Although prospect week may be over, the beginning of Spring Training has me thinking about prospects once again (not that I ever really stop). Getting to see some of the Yankees’ top prospects in action for the first time is always exciting, especially when you get to see them face off against major leaguers. All the discussion about the $189 million payroll ceiling for 2014 also brings the farm to the forefront, since the Yankees may need cheap in-house replacements at several positions (catcher, outfield, starting pitcher) to stay under the self-imposed cap. I thought it would be worth taking a look at some of the questions that the Yankees’ top prospects will have to answer this year to prove themselves as future contributors to the major league team.
Manny Banuelos: Fastball command
2011 was the first season where Banuelos had control problems of any sort, and reports suggested that his elevated walk rate was the result of a jump in his fastball velocity. This perhaps could suggest that he was overthrowing. 2012 will be an opportunity for Banuelos to prove that he can command his newfound velocity, while continuing to feature his changeup and develop his breaking ball.
Gary Sanchez: Receiving
Sanchez had his struggles with inconsistency and maturity in 2011, which were problematic but not terribly surprising for an 18 year-old phenom making his debut in full season ball. While Sanchez’s bat looked as advertised (he had more homers and a higher ISO than Jesus Montero did in any minor league season), he was strongly criticized for his defense. Sanchez’s throwing last year was actually pretty good, gunning down 31% of attempted base stealers. However, 26 passed balls is way too high, and he will need to improve there to have the confidence to call breaking pitches in appropriate counts, and prove that he can stick at catcher.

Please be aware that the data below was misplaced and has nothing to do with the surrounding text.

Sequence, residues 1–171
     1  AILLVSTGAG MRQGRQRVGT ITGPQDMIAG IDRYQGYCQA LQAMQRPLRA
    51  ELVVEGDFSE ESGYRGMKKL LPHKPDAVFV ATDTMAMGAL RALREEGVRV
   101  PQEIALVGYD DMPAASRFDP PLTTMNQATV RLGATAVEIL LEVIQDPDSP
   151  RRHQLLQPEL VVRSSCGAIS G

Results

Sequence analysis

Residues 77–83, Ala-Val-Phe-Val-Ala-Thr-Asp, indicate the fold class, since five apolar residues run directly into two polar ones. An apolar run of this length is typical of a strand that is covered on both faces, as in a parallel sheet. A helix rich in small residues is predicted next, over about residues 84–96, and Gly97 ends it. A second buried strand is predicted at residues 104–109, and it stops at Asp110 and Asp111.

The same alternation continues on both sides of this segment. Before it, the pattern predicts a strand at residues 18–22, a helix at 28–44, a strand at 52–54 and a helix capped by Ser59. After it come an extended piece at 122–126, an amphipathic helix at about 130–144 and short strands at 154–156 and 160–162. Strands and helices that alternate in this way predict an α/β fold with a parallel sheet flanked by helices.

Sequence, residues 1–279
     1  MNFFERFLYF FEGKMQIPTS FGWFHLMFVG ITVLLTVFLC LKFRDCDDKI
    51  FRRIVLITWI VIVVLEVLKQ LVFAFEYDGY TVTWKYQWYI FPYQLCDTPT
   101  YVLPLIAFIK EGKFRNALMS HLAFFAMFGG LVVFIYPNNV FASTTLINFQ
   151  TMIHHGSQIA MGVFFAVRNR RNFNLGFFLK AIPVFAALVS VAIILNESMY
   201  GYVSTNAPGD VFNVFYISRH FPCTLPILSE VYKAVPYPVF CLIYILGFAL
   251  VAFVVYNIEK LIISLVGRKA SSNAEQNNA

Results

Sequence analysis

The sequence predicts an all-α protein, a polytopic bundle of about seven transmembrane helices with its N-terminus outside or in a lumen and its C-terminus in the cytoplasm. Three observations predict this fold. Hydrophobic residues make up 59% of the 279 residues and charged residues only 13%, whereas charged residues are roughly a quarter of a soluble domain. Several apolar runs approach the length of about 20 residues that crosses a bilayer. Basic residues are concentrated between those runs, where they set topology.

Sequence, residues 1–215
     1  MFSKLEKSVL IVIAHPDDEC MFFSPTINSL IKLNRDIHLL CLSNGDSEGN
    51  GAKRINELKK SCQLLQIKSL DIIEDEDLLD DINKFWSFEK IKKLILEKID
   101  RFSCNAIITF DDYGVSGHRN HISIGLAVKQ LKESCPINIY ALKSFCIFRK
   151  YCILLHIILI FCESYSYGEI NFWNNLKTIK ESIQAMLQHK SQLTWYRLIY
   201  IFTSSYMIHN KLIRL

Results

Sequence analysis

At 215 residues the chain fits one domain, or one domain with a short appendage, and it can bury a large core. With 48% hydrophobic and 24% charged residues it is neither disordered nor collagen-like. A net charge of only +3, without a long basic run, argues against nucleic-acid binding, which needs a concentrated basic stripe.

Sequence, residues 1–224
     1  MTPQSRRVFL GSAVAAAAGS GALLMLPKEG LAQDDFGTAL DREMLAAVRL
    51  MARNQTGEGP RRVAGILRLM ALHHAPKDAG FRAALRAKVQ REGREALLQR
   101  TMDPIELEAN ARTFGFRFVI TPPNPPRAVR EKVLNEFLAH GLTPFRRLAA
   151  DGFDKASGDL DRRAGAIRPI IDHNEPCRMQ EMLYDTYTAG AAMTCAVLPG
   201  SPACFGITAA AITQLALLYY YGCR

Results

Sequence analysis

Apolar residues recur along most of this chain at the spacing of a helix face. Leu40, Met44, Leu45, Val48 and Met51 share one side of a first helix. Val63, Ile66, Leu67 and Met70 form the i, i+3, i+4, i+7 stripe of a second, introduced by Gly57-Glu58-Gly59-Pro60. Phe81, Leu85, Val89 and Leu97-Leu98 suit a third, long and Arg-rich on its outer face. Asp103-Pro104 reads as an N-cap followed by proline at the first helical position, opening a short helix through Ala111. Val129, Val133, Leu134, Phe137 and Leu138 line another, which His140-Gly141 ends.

Dellin Betances: Mechanics
Throughout Betances’ minor league career, high strikeout and walk totals have gone hand-in-hand. Overall he has been effective, maintaining low ERA’s and a low batting average against. His fastball, curveball, and changeup have all looked like above average to plus pitches at times, but command across the board has been a major obstacle. Scouting reports on Betances mention that he has had difficulty repeating his motion, and that his large frame makes this task even more complicated. For Betances to get a chance to stick in the bigs as a starter, he will need to lower his walk rate. Smoothing out his mechanics and improving the repeatability of his delivery is essential to accomplishing that goal.
Mason Williams: Power
Williams’ strong debut allowed him to flash his strong hit tool, plus-plus speed, and excellent defensive ability. While his batting average will probably fall below .349 in full season ball, hitting for average should not be a problem for him going forward. However, power remains a question mark due to Mason’s slight frame and swing plane. Williams hit plenty of doubles last year, but his ability to turn some of those doubles into homers will have a major impact on his future ceiling. Williams still projects as a very good player either way, but if he can grow into his frame (rumors are that he has added some muscle) and make some adjustments to his approach, he could have true superstar upside.
Jose Campos: Secondary offerings
Campos was able to carve up Northwest League hitters last season primarily with his fastball, a legitimate plus pitch with mid-90′s velocity and great movement. His great command of the pitch helped him overmatch batters at the lower levels, but he will need to strengthen his other pitches to have sustained success. Campos features a curveball and a changeup that both have potential, flashing plus on occasion, but lacking consistency. To prove that he is more than a one-trick pony going forward, Campos will need to develop his secondary offerings into consistent weapons that can be called upon to complement his fastball. His ability to make these improvements will play a significant role in determining whether he projects as a starter or a reliever in the future, but luckily for Campos, time is on his side.
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